Evil Bastard

Wednesday, August 09, 2006

Evil Bastard

Dubya is right: there is evil in the world. I may often disagree with his judgment of what is or is not evil, and may almost always disagree with the steps he takes in response to his moral judgments, but let it not be said (as it sometimes is) that people who oppose the war in Iraq or Bush's version of the war on terror simply refuse to recognize the need to respond to evil.

Ta Mok died last month. I can hardly describe the anger I felt when I heard the news, except to say that it was the same in character but slightly less intense than the anger I felt when Pol Pot died. Thanks to the desire of Hun Sen not to open up discussions of what happened in 1975-79 (or in the long-running war thereafter), the main perpetrators of the Khmer Rouge horror will never be tried. They have either died because of Hun Sen's successful obstruction of any judicial process or been granted immunity for their crimes by Hun Sen of King Sihanouk.

The Cambodia tribunal may still have some value. One result of the failure to try the Khmer Rouge leadership is that many people in Cambodia still do not have a very clear idea of what happened or who was responsible. People like Pol Pot and Ta Mok could spout the most outrageous lies, and both were venerated in some circles until their deaths. Perhaps the tribunal will morph into a truth commission of sorts. I'm not holding my breath, however: as long as Hun Sen is around, he won't want anyone looking too closely into the events of those years, since he was a high-level official for the first couple of years of the Khmer Rouge regime and fled to Vietnam only when it became apparent that he was going to be purged.

(I don't know if Tuol Sleng is still the same as when I was there in 1991. At that time, the guerilla war was still on, the only legal way to get to Cambodia was via Vietnam, and tourism wasn't exactly common; since then, maybe they've changed the display at the former torture facility. I went back in 1994, after the cease-fire and the pouring in of a bunch of UN money and personnel for the 1993 election, and Phnom Penh was a much different place (I didn't go back to Tuol Sleng that time). But in 1991, the foreign text was in French, and the bad guys were always referred to as "les Polpotistes" or "le clique de Pol Pot," and not as Khmers Rouges. Too many of the current regime, including Hun Sen, were ex-Khmer Rouge, and they didn't want to be identified with the ancien regime.)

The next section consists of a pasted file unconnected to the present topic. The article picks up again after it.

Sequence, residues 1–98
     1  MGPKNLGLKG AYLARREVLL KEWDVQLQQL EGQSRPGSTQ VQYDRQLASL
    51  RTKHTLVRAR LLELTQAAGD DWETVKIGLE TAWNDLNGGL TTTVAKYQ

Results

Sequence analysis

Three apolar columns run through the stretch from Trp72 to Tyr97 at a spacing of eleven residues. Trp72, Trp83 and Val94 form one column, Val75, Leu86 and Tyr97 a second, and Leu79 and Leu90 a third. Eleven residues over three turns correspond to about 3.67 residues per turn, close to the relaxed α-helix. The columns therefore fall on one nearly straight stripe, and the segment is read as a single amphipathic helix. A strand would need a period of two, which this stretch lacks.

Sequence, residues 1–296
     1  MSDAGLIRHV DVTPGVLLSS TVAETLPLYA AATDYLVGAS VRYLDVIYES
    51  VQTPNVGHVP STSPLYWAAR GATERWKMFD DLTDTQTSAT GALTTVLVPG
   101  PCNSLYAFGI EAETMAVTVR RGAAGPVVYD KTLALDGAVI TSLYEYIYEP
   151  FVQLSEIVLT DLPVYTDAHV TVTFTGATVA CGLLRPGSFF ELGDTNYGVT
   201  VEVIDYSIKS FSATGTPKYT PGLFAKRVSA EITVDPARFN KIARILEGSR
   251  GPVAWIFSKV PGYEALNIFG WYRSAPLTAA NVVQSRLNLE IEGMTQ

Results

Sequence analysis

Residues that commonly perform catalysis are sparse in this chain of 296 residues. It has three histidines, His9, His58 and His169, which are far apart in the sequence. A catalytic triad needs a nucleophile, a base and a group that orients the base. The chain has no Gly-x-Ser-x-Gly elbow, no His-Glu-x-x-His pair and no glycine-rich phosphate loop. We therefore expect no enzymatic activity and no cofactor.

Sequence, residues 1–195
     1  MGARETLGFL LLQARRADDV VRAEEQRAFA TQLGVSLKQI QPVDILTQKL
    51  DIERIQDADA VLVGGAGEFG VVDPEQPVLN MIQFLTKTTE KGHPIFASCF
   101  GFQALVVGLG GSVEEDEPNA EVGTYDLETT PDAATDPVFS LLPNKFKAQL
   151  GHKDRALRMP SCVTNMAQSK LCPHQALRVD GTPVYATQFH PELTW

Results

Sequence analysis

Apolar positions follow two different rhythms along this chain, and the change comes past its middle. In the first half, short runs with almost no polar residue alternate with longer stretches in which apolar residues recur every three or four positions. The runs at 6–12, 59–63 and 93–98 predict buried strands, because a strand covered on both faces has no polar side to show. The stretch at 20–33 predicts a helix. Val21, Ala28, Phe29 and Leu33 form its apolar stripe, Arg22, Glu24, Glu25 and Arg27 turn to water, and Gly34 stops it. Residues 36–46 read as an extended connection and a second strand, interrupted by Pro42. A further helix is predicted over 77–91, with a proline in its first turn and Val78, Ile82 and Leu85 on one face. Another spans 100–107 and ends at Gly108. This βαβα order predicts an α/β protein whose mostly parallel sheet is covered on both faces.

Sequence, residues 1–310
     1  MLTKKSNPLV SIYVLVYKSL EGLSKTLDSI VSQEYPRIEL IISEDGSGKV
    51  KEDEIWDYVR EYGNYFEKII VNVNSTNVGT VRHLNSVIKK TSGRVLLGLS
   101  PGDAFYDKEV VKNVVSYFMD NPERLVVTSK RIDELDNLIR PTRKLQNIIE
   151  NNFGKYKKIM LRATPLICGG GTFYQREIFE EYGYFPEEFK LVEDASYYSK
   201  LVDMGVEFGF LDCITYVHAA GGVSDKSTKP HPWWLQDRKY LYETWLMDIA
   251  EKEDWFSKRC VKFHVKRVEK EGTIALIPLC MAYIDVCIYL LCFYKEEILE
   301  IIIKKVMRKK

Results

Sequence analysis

To get back to Ta Mok, he was a right bastard, even by Khmer Rouge standards. I wrote a chapter of my senior thesis on the Khmer Rouge regime and the Vietnamese invasion of 1978-79. Part of that was rather maccabre research into the conflicting claims regarding exactly how many people the Khmer Rouge had killed. What became immediately apparent was that the abuse of the population varied quite a lot depending on which zone of the country they were in. Hun Sen was at one time the leader of the Eastern Zone, which wasn't too bad (comparatively). Ta Mok's South Western Zone was horrific. Ta Mok was also largely responsible for the expusion of the population of Phnom Penh after April 1975. On my first trip to Cambodia, I got a motorbike and rode out to the ruins of the old royal capital at Udong. I say "ruins" because Ta Mok had also chased the population of 30,000 out of that city and razed it.

When Pol Pot died, I was surprised at the violence of my reaction. I was so angry I could hardly speak. This time, I was ready for it. Still, I am almost shaking as I write this.

I wonder how I'll feel when Joseph Kony dies somewhere in the bush years from now.

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